IanL wrote:The article points out that HFC vehicles can be FC/hybrids (like the Clarity) , i.e. they have motive-power batteries and provide regenerative braking and instantaneous power increase, with which a pure FC vehicle has difficulty. It doesn't say this, but I imagine, when the vehicle slows or stops, and the FC power has to ramp down, the battery can also act as a sink. Some clever software needed to manage the process, but it sounds like they have achieved that.
It sounds like a lot of cost and complexity, though. Given hydrogen is a more expensive fuel source as well, that seems like a difficult prospect to sell to consumers.
I think battery electric alone is fine for "town cars", where the owners do mostly short-range trips, but for markets where people expect to cover long distances (e.g. America), the HFC hybrid is ideal for replacing the ICE hybrid, and will suit owners who may suffer from range anxiety and/or reluctance to wait for the battery to recharge. It also addresses those whose homes are unsuited to home charging. I live on an island 9x5 miles, and have fitted a 30A charger in the garage, so I have no problem with pure battery, but the folks who live in flats in town understandably don't feel the same way, and "green" cars are even more important in towns.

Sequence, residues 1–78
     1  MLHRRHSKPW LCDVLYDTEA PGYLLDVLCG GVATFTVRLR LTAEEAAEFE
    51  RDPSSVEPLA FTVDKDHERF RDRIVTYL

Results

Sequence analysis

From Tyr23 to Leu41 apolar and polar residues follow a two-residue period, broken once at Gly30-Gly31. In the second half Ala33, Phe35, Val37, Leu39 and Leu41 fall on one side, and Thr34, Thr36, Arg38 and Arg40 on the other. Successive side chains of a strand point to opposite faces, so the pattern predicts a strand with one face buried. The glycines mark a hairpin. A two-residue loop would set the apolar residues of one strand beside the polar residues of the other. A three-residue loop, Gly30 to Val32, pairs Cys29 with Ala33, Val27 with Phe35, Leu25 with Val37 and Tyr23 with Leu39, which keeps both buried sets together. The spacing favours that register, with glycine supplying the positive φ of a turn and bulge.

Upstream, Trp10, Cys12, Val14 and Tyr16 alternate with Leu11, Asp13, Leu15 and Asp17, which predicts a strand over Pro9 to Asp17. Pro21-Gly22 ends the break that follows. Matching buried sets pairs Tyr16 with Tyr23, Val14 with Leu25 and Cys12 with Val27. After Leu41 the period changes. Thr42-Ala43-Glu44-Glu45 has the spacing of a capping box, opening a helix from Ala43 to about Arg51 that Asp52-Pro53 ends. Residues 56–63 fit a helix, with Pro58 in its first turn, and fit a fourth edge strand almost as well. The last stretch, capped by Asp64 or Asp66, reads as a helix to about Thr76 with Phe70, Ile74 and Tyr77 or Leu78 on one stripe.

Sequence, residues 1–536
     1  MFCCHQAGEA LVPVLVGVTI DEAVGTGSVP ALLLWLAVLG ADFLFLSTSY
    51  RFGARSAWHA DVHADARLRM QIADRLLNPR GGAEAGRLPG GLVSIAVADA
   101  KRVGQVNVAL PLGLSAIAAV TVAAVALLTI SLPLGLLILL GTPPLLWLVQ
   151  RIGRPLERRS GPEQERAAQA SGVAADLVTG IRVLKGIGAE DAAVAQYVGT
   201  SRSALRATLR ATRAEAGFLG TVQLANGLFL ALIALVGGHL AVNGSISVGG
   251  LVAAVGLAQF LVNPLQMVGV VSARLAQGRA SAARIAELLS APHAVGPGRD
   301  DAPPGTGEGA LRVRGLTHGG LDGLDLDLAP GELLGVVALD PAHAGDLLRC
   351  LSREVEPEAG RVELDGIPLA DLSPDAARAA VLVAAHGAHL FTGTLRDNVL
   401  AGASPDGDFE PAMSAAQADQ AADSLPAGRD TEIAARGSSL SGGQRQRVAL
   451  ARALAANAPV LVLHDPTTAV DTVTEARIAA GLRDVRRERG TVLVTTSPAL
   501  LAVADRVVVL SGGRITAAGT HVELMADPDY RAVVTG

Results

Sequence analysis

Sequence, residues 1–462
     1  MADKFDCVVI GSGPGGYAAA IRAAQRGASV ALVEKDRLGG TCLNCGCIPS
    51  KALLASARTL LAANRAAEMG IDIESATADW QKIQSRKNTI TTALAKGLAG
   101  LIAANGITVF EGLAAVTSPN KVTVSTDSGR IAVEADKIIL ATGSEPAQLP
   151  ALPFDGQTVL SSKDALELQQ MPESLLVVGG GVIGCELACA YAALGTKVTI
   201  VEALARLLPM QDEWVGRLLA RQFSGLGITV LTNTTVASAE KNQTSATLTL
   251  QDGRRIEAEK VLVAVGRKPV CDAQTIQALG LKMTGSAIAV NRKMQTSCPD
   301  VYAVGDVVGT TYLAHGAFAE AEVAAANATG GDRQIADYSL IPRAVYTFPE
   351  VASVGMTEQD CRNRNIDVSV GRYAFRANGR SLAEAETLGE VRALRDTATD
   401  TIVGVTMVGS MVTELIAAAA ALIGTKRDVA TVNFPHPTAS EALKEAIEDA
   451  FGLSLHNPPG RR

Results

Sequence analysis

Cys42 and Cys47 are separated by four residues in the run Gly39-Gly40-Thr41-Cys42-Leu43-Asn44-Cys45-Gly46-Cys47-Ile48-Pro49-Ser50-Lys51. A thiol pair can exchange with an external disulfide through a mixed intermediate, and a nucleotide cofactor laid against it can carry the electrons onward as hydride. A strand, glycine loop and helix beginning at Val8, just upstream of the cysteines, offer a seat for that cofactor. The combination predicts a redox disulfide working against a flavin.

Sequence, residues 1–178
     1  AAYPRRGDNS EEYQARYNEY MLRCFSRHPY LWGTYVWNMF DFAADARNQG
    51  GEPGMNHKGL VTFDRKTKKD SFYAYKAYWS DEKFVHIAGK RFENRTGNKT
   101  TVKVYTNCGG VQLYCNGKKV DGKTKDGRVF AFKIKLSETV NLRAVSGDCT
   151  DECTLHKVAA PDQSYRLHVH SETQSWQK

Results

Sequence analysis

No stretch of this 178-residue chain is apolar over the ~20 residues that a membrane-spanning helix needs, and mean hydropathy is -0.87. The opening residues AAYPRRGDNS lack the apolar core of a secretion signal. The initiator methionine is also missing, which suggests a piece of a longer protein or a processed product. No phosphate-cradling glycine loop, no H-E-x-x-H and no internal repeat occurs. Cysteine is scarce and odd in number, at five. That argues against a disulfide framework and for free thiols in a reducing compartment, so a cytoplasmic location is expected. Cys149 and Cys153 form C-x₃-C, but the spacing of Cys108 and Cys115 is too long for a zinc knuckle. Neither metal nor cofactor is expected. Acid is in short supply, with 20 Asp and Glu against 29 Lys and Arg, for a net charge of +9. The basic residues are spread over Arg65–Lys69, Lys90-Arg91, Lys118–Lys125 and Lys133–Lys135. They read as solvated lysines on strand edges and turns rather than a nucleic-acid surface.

Obviously I would prefer HFC hybrids over ICE hybrids. However, given how small the hydrogen infrastructure is, how expensive it would be to change that, how expensive the cars are... I don't see HFC hybrids ever super-ceding ICE hybrids. By the time hydrogen tech and infrastructure finally gets to the point that it might make sense, full battery electric (or perhaps by then, battery/capacitor electric) may have matured and improved to such an extent that it's no longer relevant to consumers. That's my guess, at any rate.
And I think the industry is guessing the same. There are many more gas stations putting in battery charging stations than those putting in hydrogen fuelling stations. So the gasoline industry appears to be making the same bet I am. Yes, it's much cheaper to put in a charging station than a hydrogen refuelling station. But that's kind of the point, isn't it? Hydrogen is capital intensive for the fuelling station, and the end product is expensive for the customer. Whereas battery electric is vastly cheaper for both the station and the consumer, and likely to stay that way. ICE is cheapest for buying the car. BEV is cheapest for fuelling and maintaining the car. Hydrogen is best for....? Nothing comes to mind.
With reasonably inexpensive cars hitting 380+ km (235+ miles), the main impediment to people getting over range anxiety is coming to terms with the fact that they rarely drive as far as they think they do.
Your points about long-haul trucking are valid, though. To do BEV long-haul trucking, you'd need to put the infrastructure in place to charge every time to truck stops for any reason. Wal-Mart Canada is buying hundreds of fully-electric delivery vehicles, so we'll see how they manage. Rapid chargers in every loading dock, I guess?